I'd thought about it for a long time. Every time I saw one of
those "brew in a bag" kits, I thought, yeah, that could
be cool. Every time I heard of a friend of a friend who made his
own, I thought, I could try that.
Then, the final straw. I was given a temporary assignment to
take minutes at the meetings for the Board of Directors of the Association on Brewers. For about
two hours every five weeks I join Charlie Papazian and the other
directors as they talk about things like the Great American Beer
So I finally did it. I made my own homebrew.
Being methodical as I am, I did lots of research. I bought
Papazian's book. I stopped by the local homebrew shop and got
some prices. I read about homebrewing
on the net. And one weekend morning, I decided this is it,
this is the day.
So I ran down to the homebrew shop. And it was packed. People
buying whole grains. People buying malt extracts. People buying
yeasts and people buying bottle washers. I waited. And waited.
And waited until I got the attention of the frazzled guy and told
him what I wanted to do. And so we assembled the kit.
Now, I couldn't just go for the economy kit. Not even the
standard kit. No, I had to have the deluxe kit. I had to have the
hydrometer and two glass carboys and the thermometer and and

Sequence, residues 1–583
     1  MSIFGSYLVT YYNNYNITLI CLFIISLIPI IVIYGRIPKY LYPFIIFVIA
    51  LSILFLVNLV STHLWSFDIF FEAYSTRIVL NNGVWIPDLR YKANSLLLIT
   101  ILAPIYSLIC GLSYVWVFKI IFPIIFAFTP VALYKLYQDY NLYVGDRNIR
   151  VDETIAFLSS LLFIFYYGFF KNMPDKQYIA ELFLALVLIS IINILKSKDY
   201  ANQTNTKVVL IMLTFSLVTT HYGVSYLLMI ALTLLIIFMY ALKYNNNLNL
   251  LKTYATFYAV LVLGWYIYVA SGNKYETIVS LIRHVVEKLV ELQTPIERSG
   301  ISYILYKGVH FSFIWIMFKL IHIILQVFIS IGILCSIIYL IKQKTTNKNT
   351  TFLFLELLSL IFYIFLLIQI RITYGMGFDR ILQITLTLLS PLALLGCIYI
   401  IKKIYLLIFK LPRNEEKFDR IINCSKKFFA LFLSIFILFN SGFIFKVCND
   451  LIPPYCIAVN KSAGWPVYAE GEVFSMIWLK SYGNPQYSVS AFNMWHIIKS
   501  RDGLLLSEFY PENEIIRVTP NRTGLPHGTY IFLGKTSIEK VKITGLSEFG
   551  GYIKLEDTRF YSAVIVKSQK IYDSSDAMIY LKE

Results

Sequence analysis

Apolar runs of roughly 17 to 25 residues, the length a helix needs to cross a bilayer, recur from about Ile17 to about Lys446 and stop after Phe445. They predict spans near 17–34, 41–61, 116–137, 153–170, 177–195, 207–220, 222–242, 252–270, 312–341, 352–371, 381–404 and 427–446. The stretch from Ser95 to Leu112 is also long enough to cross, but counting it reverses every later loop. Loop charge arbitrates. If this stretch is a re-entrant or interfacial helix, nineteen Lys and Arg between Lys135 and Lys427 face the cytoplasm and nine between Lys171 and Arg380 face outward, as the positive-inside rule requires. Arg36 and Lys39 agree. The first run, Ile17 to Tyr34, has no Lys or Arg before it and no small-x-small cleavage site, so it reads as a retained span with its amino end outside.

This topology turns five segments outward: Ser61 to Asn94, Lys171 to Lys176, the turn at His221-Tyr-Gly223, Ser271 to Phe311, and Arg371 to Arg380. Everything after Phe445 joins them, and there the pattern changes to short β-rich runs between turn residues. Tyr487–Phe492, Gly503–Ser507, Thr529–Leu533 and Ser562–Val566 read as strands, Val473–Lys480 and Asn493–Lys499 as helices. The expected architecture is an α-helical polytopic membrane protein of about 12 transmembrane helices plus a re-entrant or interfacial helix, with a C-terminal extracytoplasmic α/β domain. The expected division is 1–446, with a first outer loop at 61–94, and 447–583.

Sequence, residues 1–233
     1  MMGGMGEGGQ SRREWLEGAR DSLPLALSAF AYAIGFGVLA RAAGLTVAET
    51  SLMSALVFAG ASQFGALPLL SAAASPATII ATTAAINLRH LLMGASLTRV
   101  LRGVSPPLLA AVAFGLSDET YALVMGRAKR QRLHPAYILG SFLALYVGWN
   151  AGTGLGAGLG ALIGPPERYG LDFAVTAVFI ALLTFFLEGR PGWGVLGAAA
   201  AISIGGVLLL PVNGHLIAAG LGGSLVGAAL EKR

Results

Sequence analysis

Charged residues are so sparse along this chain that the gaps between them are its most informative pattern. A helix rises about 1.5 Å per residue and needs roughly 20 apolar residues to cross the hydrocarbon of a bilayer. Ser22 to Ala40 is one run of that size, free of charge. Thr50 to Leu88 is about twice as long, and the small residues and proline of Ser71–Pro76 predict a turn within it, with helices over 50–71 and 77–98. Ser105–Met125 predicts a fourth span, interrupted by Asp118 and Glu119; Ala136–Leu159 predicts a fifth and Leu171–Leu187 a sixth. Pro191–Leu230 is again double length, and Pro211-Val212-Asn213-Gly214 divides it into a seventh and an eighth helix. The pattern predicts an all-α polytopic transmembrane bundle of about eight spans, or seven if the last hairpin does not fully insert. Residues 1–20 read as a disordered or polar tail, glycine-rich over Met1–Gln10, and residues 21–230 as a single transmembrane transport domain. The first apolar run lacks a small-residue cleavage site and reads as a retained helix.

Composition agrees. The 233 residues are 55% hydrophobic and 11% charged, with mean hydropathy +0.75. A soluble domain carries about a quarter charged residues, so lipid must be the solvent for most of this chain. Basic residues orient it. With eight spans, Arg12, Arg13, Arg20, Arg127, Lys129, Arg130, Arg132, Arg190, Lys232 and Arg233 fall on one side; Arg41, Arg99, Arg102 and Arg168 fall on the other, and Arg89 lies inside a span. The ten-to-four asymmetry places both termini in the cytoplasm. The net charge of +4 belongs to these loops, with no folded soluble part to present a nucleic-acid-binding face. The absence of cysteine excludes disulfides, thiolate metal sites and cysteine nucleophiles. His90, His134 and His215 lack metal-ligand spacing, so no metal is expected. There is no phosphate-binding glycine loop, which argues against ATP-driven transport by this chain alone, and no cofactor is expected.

And one hundred bucks later, I walked out with an equipment
kit and the ingredients for a pale ale. I drove home excitedly
and began clearing the kitchen.
Now, everything I've read about homebrewing emphasized
sanitation. Everyone suggested soaking everything to touch the
beer in a bleach solution. So I made my bleach solution. Mine was
probably a little strong, considering that my hands and the
kitchen reeked of bleach for some time. But I wasn't going to let
any little bacteria ruin my brew, no way.
With initial sterilization taken care of, it was time to start
the brew. Now, I had read that my 10 quart stock pot would be
sufficiently large to cook up my wort. So I measured in 1 1/2
gallons of water, and brought it to a boil. I put my malt extract
containers in a hot water bath to soften them up, then added them
after the water in the pot had boiled - carefully turning off the
heat to prevent scorching. I mixed, I returned to the boil, and
with a few minutes left, I added my hops.
I don't know if you've ever seen a 2 1/2 gallon pot boil over,
but it sure isn't pretty. And when it's full of hops and malt
extract, it's not fun to clean up, either. But I quickly got the
slightly less full pot back in control, and finished the boil. I
immeresed the pot in an ice water bath, and set to cleaning up
the stove, all the while thinking, "Can I find a 5-gallon
pot for less than $40?"
After the wort had cooled, I poured it into the 6.5 gallon
carboy, which already contained three gallons of fresh water to
reduce heat shock and bring the total volume up to around 5
gallons. I used my handy dandy new funnel with strainer insert to
strain out the hops and let the liquid flow into the jar. The
container then felt slightly cool to the touch - a sign that it
was probably a suitable temperature for pitching yeast. So I
carefully poured in my two packets . . . and realized I forgotten
to take an initial hydrometer reading. "Oh, well,"
thought I, "I won't be able to guess at the alcohol
percentage of my final product," and I placed the airlock
and stopper on the jar.
Now, the information I had said the beer would begin active